Posted on May 3, 2016
The Reinvention of Colored Toilet Paper
Colored toilet paper first became popular in North America in the 1970s, offering up a range of pale pinks, blues, greens, and yellows. But just as quickly as it appeared, it was gone and no one is quite sure why. Since then, the toilet paper aisle has largely been a wall of white. So when Renova introduced its first colored toilet papers in the early 2000s, it left an impression. A far cry from the shy pastels of years gone by, Renova’s colored papers are bold, bright, and daring, ranging from red to fuchsia to blue to, most notably, black. “In a design sense,” Paulo Miguel Pereira da Silva, president of Renova, says that black signals “irreverence, maybe touching a bit on the core nature of art, which is to break rules and set new ones. Culturally, deep down, Renova Black invites people to break down whatever might be limiting as common sense ideas.”2 The idea that toilet paper can be more than an essential household product and become a design object that harnesses the power of color psychology is groundbreaking. It also appears to be true. “They’ve really got people talking about a product that might otherwise go without attention,” says Jonah Berger, a marketing professor at the Wharton School of Business. “What colored toilet paper shows you is you can make anything remarkable, anything worthy of discussion.”3
Indeed, Renova’s colored toilet papers have been discussed in everything from celebrity gossip blogs to the pages of the New York Times. “Why stock your bathroom with boring white 2-ply when you can treat your tush to luxury European bath tissue in sophisticated black, orange, red or green?” asks Remodelista.4 Meanwhile, Beyonce is said to request the red on her tour rider, Kris Jenner uses the black, and fashionable hotels around the world are requesting their own unique labeling for their Renova supply. From a social perspective, it is a phenomenon and from a business perspective, it is considered one of the most impressive cases of avante-garde marketing in recent history. “With zero marketing investment, Renova completely changed the rules of the category and turned a very boring product, one that most people would never talk about in public, into something fun and interesting; almost a work of art,” says Pierre Chandon, professor of marketing at INSEAD.5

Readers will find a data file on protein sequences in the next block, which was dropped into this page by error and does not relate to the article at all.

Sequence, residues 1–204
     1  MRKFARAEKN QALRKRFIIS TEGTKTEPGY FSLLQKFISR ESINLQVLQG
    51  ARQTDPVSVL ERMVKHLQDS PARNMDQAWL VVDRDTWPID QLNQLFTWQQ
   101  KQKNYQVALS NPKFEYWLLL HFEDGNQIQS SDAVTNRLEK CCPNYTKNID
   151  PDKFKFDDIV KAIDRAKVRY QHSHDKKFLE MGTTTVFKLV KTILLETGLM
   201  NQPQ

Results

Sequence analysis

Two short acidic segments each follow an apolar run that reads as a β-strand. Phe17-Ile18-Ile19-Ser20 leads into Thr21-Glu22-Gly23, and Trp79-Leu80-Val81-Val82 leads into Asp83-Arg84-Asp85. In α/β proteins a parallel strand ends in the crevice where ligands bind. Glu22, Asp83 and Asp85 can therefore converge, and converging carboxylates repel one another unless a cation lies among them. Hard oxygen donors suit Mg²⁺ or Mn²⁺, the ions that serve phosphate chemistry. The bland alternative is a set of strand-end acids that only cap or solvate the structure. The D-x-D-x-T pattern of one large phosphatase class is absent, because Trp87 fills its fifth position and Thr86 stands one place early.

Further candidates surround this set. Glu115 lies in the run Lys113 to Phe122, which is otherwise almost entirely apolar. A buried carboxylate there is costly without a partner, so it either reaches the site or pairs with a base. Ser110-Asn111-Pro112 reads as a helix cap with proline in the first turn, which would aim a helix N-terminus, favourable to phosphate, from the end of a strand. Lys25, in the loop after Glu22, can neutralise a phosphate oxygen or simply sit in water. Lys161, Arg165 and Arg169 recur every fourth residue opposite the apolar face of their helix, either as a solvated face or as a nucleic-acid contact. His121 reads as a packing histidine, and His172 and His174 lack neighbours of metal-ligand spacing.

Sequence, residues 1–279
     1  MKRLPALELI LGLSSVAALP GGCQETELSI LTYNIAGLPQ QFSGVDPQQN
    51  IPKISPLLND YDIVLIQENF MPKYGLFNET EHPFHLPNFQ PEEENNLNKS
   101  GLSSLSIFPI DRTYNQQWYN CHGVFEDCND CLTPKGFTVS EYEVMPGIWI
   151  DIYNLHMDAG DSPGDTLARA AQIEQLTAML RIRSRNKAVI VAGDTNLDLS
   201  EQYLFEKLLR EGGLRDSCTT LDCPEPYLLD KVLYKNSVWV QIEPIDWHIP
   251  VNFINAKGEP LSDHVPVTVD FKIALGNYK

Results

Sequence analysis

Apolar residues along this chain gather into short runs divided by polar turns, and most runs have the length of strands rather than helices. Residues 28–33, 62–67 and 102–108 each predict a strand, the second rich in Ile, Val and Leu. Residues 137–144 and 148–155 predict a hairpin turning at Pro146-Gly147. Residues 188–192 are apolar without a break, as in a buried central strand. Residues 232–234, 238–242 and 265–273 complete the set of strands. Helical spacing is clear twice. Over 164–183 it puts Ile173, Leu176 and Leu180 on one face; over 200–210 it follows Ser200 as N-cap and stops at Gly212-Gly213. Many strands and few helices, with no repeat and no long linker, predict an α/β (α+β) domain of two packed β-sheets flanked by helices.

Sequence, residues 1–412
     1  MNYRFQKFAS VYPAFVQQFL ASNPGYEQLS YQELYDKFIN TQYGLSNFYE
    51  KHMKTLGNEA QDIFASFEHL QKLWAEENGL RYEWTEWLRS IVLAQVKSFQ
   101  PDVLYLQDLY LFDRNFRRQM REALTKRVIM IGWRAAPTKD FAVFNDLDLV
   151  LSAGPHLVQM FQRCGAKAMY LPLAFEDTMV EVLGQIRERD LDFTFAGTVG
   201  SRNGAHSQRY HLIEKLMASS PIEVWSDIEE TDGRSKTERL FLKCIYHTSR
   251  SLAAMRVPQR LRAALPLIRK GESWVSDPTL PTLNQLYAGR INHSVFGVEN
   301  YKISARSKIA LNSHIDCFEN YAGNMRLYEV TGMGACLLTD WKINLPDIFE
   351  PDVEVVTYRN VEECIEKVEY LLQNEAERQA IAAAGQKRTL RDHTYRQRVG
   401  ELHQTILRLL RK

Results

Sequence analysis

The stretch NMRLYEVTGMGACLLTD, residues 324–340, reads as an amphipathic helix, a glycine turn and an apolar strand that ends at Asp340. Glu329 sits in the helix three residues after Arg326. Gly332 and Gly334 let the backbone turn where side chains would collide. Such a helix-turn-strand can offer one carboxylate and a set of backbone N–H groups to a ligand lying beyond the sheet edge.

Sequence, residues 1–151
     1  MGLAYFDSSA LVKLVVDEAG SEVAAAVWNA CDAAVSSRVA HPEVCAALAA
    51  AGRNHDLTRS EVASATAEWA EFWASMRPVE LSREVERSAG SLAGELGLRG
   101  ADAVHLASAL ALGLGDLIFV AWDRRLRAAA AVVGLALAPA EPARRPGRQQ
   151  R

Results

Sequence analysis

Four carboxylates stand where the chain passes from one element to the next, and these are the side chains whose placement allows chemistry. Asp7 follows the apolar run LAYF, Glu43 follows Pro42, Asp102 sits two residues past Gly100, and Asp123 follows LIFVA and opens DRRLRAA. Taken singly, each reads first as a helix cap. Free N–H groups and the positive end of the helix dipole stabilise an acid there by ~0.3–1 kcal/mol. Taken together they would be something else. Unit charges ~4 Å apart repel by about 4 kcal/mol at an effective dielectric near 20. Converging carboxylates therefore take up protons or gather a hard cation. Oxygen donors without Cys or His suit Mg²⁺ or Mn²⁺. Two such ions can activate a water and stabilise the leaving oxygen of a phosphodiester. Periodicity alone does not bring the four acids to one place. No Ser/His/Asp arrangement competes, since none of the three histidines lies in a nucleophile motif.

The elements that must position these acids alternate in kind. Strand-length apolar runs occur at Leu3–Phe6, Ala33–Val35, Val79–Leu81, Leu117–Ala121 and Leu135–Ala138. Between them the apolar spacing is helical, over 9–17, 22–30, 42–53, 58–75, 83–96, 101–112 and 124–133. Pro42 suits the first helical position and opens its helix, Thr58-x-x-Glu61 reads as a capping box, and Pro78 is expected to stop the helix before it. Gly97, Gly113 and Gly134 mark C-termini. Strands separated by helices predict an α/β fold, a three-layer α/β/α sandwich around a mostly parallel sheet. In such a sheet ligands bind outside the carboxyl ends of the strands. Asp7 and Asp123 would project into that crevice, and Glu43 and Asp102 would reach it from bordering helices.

Maintaining Color Quality
When a product relies on color for its identity, color quality control must be a top priority at every stage of the manufacturing process to satisfy consumer demand for consistent, accurate colors. On-line spectrophotometric instruments offer continuous color monitoring at key phases of production to ensure that every product maintains correct coloration. In the case of colored toilet paper, this means monitoring the color of the paper both before and after dyeing to create the perfect hue every time.
HunterLab’s SpectraTrend HT is one of the most sophisticated on-line spectrophotometers in the world, providing real-time, non-contact measurement of your product within the process line, allowing you to obtain accurate, precise data without disrupting the manufacturing process. The SpectraTrend’s integrated height measurement means that this remarkable instrument can accurately capture color data regardless of surface texture and eliminate the need for time-consuming sample preparation. By instantly alerting you to unwanted color changes, you are able to immediately identify and quarantine out-of-spec product, ensuring that only the highest quality products are released into the marketplace. Simultaneously, color data may be used to take corrective action and make permanent process improvements, facilitating efficacy and helping you realize cost-savings. With a compact footprint, versatile connectivity options, and user-friendly design, the SpectraTrend HT is easily integrated within any manufacturing facility.
Full article with photos available here: